Tentatively billed as the last major motion picture of veteran director Steven Soderbergh, conspiracy thriller Side Effects had an illustrious career’s worth of cinema to live up to in providing the auteur of ensemble with a fitting farewell to the medium he left an unmistakable signature upon. Spanning from deep cult cinema cuts such as Sex, Lies, and Videotape, to Hollywood heist favourite Ocean’s Eleven and Oscar winner Traffic, it’s safe to say Soderbergh has been somewhat prolific. It takes little more than a passing glance at his filmography as a director, screenwriter, and cinematographer to realise that quantity and quality are by no means mutually exclusive when it comes to the director’s distinctive and highly stylised brand of filmmaking.
Staying true to form, Side Effects employs an ensemble cast brimming with big name collaborators including Jude Law, Rooney Mara, Channing Tatum and Catherine Zeta-Jones. The crux of the plot revolves around young New Yorker Emily, and her doctor’s (Law) choice to prescribe her the experimental anti-depressant ‘Ablixa’. In the wake of Law’s prescription pad bearing both Ablixa and Emily’s names, both his and her private and professional lives begin to take a drastic and irreversible turn for the worse.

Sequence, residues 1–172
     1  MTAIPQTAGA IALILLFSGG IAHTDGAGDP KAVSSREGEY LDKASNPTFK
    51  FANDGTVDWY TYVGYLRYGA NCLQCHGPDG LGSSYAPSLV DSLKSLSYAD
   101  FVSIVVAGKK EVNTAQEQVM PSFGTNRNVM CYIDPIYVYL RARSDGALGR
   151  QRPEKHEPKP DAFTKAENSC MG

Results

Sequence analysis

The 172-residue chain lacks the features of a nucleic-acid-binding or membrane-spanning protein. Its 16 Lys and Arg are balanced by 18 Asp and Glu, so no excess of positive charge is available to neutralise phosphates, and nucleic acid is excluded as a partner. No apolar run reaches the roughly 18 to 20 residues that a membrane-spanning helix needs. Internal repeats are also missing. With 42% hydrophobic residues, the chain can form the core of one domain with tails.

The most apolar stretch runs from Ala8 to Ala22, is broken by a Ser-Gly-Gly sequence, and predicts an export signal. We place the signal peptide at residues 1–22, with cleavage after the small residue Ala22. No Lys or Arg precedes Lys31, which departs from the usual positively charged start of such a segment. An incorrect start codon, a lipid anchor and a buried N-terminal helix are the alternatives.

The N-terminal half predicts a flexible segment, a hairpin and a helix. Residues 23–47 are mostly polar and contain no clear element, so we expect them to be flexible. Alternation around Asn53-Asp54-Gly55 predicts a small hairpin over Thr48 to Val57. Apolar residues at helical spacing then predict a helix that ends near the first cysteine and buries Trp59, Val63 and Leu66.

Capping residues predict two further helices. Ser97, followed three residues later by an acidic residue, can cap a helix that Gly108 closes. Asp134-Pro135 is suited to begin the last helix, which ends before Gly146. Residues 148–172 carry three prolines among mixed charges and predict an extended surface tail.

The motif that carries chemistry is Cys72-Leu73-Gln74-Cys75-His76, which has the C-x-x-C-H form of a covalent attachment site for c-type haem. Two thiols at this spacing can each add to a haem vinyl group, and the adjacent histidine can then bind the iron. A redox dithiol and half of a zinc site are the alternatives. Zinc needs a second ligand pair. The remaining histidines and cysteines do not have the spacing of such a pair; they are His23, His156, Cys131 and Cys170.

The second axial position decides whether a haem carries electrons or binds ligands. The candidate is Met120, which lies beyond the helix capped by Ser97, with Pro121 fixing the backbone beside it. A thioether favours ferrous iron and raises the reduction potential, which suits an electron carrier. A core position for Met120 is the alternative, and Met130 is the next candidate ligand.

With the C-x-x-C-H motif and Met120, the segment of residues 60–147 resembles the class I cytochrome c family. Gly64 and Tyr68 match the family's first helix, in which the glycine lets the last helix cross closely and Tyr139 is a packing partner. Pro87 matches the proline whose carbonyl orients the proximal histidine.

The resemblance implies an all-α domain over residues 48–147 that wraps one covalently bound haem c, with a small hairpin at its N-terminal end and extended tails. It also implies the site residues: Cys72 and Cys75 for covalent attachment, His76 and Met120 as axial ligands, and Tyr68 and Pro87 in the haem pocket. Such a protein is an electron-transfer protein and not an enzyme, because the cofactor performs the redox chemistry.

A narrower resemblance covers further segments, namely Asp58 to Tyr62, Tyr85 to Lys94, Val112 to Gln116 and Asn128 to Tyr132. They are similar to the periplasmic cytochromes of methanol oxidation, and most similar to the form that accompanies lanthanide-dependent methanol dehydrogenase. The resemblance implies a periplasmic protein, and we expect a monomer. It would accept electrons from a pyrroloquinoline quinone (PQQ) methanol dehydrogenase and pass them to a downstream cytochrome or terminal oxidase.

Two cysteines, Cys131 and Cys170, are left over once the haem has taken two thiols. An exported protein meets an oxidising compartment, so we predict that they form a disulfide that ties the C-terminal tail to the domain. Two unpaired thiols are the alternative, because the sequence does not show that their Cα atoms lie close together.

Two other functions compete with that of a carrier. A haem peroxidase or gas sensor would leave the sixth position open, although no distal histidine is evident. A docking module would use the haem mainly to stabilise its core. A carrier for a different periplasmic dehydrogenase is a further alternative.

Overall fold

The biggest compliment that can be paid to Side Effects is that it is a treacherous film to review. The plot is so laden with carefully choreographed twists and turns that to divulge any more narrative details would surely turn a critique into a spoiler-fest. The tag of Hitchcockian is well deserved when it comes to this superbly acted, highly original tale of the perils of prescription pills. The plot isn’t convoluted or overly complicated but rather genuinely gripping and ingenious in the manner that it slowly peels back the skin of various characters, revealing more than you could ever have bargained for as a viewer – a technique which The Master of Suspense so often inflicted upon his audiences with great gusto and truly shocking degrees of success. The leading outings from both Law and Mara also deserve a great deal of praise; Law matching and often surpassing the strongest most emotive performances of his career, whilst Mara once agin proves she is not only highly versatile as an actress but captivating to analyse and study over the hour-and-forty-minute runtime.
Soderbergh’s swan song has you reeling within the first act and you won’t recover until his cherry-picked cast of characters find their resolution in a reality free from both Ablixa and the director’s potent influence. His integrity as a filmmaker has very rarely been in doubt but hopefully it will be this time and this isn’t goodbye but rather farewell – though if that is truly the case, Side Effects will forever be a reminder of how brilliant and compelling Soderbergh the director and storyteller had grown to become.